This is part of a series of posts on the historical figures that are the inspiration for Immortal Perfumes. For more historical figures, check out the rest of the series.
“It has been a strange life, really, and a very romantic one.”
Princess Ka’iulani was the last Crown Princess of the Kingdom of Hawaii before the monarchy was overthrown and the kingdom was annexed by the United States. She tried to save her kingdom’s independence but was thwarted in her efforts by a racist press and ill health. The shy, beautiful princess ultimately died at just 23 years old. Here is her story.
Ka’iulani was born Victoria Kawekiu Ka’iulani Lunalilo Kalaninuiahilapalapa Cleghorn (named for Queen Victoria and one of her aunts who had died young) on October 16, 1875 to Princess Miriam Likelike and Archibald Scott Cleghorn. Cleghorn was a Scottish businessman who had come to Hawaii as a teenager. Princess Miriam was sister to King Kalakaua and Queen Lili’uokalani and was third in line to the throne. Cleghorn was 35 years old to Miriam’s 19 and their marriage was stormy.
Ka’iulani lived with her mother in the idyllic palace setting of Ainahau on Waikiki where they were surrounded by beautiful gardens and music. They participated in luaus where they would sing and play ukulele and guitar. Behind the scenes, King Kalakaua tried to arrange for Ka’iulani to be betrothed to the Prince of Japan in hopes of gaining a powerful ally to keep the British and Americans at bay. This didn’t pan out and Ka’iulani would write to her aunt that she wanted to marry for love but would marry whomever necessary if it meant the independence of Hawaii.
At age 11, Ka’iulani’s mother died and the princess was grief-stricken. Her mother’s last words were rumored to be that Ka’iulani would be doomed never to fulfill her destiny as the island’s queen. The prediction filled her with fear but was waved off by her family.
Because her aunt was old and childless, the kingdom knew that Ka’iulani would one day become queen. The king and queen along with her father decided that she would be best served to be educated in England. Before she went she enjoyed time learning with the painter Joseph Dwight Strong and also got to meet Robert Louis Stevenson (author of Treasure Island and Dr. Jekyll and Mr. Hyde) who was a friend of her father.
Stevenson wrote a poem to Ka’iulani and dubbed her the “Island rose.”
Forth from her land to mine she goes,
The island maid, the island rose,
Light of heart and bright of face:
The daughter of a double race.
Her islands here in southern sun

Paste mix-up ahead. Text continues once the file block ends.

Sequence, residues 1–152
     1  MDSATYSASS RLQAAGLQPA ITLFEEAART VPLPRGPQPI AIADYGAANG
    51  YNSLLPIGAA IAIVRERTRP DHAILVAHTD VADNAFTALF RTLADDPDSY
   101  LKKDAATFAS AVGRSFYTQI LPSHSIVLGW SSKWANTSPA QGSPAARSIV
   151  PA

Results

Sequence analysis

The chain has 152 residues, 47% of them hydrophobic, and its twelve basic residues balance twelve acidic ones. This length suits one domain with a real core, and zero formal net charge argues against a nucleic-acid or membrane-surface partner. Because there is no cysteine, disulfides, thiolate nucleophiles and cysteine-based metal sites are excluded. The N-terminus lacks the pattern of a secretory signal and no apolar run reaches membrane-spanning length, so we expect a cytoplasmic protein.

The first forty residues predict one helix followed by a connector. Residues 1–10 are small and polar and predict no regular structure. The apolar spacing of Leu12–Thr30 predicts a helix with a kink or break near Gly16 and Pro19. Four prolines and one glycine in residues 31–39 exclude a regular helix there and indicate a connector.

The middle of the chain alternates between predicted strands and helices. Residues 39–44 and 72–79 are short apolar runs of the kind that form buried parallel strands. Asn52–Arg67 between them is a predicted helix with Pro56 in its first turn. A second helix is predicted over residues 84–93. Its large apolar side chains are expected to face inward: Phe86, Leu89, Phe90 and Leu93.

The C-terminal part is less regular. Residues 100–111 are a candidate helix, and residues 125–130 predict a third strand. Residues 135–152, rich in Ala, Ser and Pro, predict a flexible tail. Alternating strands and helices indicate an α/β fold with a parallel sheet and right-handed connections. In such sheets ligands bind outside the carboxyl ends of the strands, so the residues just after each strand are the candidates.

Shall mourn their Ka’iulani gone,
And I, in her dear banyan shade,
Look vainly for my little maid.
But our Scots islands far away
Shall glitter with unwanted day,
And cast for once their tempest by
To smile in Ka‘iulani's eye.
At age 13, Ka’iulani was sent to England for private education. She was told that she would only be gone for one year but instead ended up living in England for four years. Her uncle the King died and her aunt became Queen Lili’uokalani. It was planned that Ka’iulani would travel through Europe as well as meet Queen Victoria. But all of these plans were cancelled with Queen Lili’uokalani was overthrown in 1893.
A group of businessmen who were originally of British and American descent were backed by the US Marines and overthrew the Hawaiian monarchy in hopes of annexation by the United States. Ka’iulani was just 17 at the time and made her way to New York to make impassioned pleas for the freedom of her people.
Here is one of her most quoted statements to the press: “Seventy years ago, Christian America sent over Christian men and women to give religion and civilization to Hawaii. Today three of the sons of those missionaries are at your capitol, asking you to undo their fathers’ work… I, a poor, weak girl, with not one of my people near me and all of these statesmen against me, have the strength to stand up for the rights of my people. Even now I can hear their wail in my heart, and it gives me strength.”
She secured an audience with then President Grover Cleveland who was sympathetic to her cause. He had an investigation opened and it was found that the takeover was unlawful and that the queen’s throne should be restored. Cleveland took this to Congress hoping for a resolution but Congress refused and Cleveland’s successor carried on with annexation.
Despite her fierce advocacy, Ka’iulani’s mother’s prophecy proved correct. The beautiful young princess’ health grew more precarious until she ultimately died on March 6, 1899 at the age of 23. She died on her beloved island.
The Ka’iulani perfume was inspired by Ka’iulani’s story and by the lush vegetation on the Hawaiian islands.
To learn more about Princess Ka’iulani, check out The Ka’iulani Project which is dedicated to keeping her story alive and has also put on a play about the Princess. For further viewing you can also watch the 2009 film, Princess Ka’iulani.